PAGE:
Last summer, in response to years of complaints by residents about the amount of helicopter traffic, and ensuing noise they bring to the East End, the Federal Aviation Administration proposed a draft plan aimed at regulating helicopter traffic and curbing chopper noise.

Under the proposed regulation, helicopter pilots would be required to follow a northern route one mile offshore over Long Island Sound to Shoreham where they would split off either to Gabreski Airport in Westhampton, the Southampton Helipad, Montauk Airport or East Hampton Airport following voluntary routes established in 2007, some of which bring flights to and from East Hampton directly over Sag Harbor and Noyac.

Regulations also propose that pilots keep a minimum altitude of 2,500 feet.

However, many residents and municipalities feared the regulations would do little to address the problem, and according to East Hampton Town Board Councilman Dominick Stanzione, four East End towns began working together to come up with a regional noise abatement program. In their talks, Stanzione said it became clear a multi-town helicopter noise abatement committee should be formed to create a draft plan to tackle the problem. If the East Hampton Town Board and the East End Mayors and Supervisors sign off on their plan, it would then be formally presented to the FAA.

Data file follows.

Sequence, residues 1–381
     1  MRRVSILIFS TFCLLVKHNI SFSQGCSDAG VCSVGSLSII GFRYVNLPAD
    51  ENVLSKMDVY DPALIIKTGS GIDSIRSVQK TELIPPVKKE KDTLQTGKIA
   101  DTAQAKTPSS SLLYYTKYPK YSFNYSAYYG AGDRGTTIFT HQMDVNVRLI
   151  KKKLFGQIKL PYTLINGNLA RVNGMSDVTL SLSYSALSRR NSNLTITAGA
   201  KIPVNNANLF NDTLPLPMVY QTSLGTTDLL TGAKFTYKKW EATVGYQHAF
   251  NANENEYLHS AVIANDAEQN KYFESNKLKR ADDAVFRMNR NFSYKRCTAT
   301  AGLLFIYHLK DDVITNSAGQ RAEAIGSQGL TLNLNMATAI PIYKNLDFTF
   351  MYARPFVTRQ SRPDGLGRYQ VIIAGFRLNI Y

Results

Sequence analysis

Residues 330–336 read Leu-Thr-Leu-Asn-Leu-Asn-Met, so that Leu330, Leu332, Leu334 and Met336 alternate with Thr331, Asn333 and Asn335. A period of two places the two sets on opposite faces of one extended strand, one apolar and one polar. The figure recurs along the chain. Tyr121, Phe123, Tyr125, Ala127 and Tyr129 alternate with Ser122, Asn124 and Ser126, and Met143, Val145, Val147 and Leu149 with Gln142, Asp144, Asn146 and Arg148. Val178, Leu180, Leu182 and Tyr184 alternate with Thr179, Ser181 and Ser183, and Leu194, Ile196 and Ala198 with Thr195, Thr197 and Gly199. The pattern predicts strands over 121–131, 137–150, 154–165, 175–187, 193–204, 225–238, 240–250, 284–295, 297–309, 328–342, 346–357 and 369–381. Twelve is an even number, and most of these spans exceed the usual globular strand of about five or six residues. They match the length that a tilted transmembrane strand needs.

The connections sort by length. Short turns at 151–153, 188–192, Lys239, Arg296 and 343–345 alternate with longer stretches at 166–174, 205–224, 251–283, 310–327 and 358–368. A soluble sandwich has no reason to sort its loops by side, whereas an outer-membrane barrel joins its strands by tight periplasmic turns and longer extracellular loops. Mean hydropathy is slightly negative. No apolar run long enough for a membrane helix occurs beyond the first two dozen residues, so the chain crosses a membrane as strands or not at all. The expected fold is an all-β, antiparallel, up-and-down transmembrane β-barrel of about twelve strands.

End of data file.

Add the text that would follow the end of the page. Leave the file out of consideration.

“I think the issue of helicopter noise in our town has gotten to the point where we need multi-town solutions,” said Stanzione at a town board meeting on Saturday, January 29.

The committee, which will be comprised of one citizen representative from each of the four towns, as well as airport managers and New York State Senator Ken LaValle and New York State Assemblyman Fred W. Thiele, Jr. will look toward suggesting voluntary solutions to the noise issue, such as re-routing of helicopters, as well as long term legislative and regulatory suggestions.

Stanzione will serve as the town board liaison to the committee, and Peter Wadsworth, a member of the town’s noise abatement committee, is expected to be appointed the town’s representative during Thursday night’s meeting.

East Hampton Town
MTK Concert Continues to Draw Protest